98% of plastic in the ocean are microplastics smaller than a grain of rice, evenly distributed throughout the water column. This machine, if it doesn't get smashed to bits, would only collect things lager than 2 centimeters that happen to be on or near the surface. Things like fish and wildlife. The feasibility study for this project even admits that "Highly migratory species will be highly affected by this project. Swordfish, marlin, sailfish, sharks, tuna-like species are all highly susceptible to being caught in the holding tanks, and possibility diverted by the booms into the platform."
If I had a dime for each brilliant idea to “clean up the “Garbage Patch” that has been forwarded to me over the last few years I would be a millionaire. These gyre cleanup machines, devices and foundations that emerge periodically are not going to happen. However they are likely to get lots of media attention –and distract from the real solutions.
First, there is a gross misconception about what garbage patches are. Plastics take hundreds of years to biodegrade, buy they fragment rather quickly into smaller and smaller particles. Science shows that the vast majority of plastics in the ocean are tiny, under 10 mm in size. The concentrations are very thin, and the particles are scattered throughout the water column of all oceans in the world. In actuality what we have is a planetary soup of plastic particles. In some areas concentrations are higher. These are the “garbage patches", located in the ocean gyres sometimes as vast as continents, where the soup has higher and more consistent concentrations of particles. That’s all. In order for these machines (assuming these get paid for, built and deployed) to capture significant amounts of plastic, they would need to cover millions of square miles of ocean and somehow manage to tell plastic particles apart from other things of the same size, such as fish eggs and plankton, which are essential to all marine life.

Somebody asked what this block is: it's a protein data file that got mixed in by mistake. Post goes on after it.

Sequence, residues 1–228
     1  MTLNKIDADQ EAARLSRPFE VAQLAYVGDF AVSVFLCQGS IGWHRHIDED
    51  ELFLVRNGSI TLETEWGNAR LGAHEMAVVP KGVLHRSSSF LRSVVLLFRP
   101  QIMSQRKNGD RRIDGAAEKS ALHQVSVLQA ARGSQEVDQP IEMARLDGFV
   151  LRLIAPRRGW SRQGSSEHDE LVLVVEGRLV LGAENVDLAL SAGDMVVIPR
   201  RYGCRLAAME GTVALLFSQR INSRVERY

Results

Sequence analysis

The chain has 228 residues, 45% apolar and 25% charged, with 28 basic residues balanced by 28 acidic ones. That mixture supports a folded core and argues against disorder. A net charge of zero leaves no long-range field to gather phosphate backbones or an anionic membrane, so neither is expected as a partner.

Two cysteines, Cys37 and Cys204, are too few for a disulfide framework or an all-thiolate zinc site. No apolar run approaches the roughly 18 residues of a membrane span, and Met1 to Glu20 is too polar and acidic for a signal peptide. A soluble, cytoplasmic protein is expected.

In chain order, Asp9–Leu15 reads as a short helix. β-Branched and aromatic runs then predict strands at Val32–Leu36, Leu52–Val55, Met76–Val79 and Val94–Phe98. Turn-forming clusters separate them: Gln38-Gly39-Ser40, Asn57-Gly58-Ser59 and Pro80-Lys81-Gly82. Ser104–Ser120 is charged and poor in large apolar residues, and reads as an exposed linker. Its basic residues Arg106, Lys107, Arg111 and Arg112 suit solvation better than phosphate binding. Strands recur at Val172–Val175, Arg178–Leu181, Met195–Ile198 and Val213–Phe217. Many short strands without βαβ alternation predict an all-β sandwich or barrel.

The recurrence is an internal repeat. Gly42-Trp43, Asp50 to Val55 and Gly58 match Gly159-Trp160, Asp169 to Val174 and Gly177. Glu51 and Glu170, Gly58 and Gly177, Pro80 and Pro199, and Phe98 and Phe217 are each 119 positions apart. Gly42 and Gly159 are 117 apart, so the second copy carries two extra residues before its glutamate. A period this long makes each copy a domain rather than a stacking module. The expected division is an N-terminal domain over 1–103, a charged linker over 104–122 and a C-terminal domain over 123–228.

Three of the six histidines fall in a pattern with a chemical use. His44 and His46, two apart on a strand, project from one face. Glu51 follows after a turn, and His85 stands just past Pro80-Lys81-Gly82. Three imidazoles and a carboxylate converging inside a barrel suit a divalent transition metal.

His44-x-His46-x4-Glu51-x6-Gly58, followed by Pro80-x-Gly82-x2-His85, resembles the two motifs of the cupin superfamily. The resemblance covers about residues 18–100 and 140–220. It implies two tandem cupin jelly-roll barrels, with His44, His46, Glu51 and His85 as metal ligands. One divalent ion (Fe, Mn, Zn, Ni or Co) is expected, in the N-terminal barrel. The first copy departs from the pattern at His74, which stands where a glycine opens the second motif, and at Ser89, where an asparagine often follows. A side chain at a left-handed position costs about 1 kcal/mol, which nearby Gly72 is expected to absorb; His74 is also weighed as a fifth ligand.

Also, the people who come up with some cleanup machines, ranging from product designers to teen-prodigy inventors, often seem to forget a not-so-minor detail: that the ocean is not still, and flat like a giant blue tennis court. The ocean is always moving, sometimes with amazing force. In the unlike event of these contraptions ever being made, they would be pushed around all the time –when not torn to pieces and sunk.
Another key detail that seems to be consistently forgotten is that millions of tons of new plastic trash are entering the ocean as we speak. A fairly old and conservative study estimated that 6.4 million tons of plastic waste enter the ocean every year –adding up to over 100 million tons of plastic already polluting our oceans. Trying to clean this spiraling mess with ships or machines would be like trying to bail out a bathtub with a tea spoon… while the faucet is running!
What about stopping plastic pollution at the source? Wouldn’t that be a better use of our ingenuity, time and money? It also happens to be quite doable too. The plastic industry loves distractions like the cleaning machines, because they put the focus on “cleaning up”, not on how their business of making disposable plastics is destroying the planet. It is also interesting to notice how strongly our culture equates “solution” with “process” and/or “machine”. One immediately has to ask: “What would be the solution for these solutions?” But even given all the misconceptions and cultural trappings that surround us, one has to wonder how these whacky ideas get so much media traction. Different variations of the theme come up often, along with their cousins: the miracle machine that turns plastic into oil, and the 16 year old that discovers a plastic eating bacteria in his garage.
Ultimately, in addition to the relentless activity of vested interest that promote these misconceptions, these stories get passed around because we all like to hear a whisper in our ear that says “it’s all going to be OK. Keep consuming and don’t think too much.”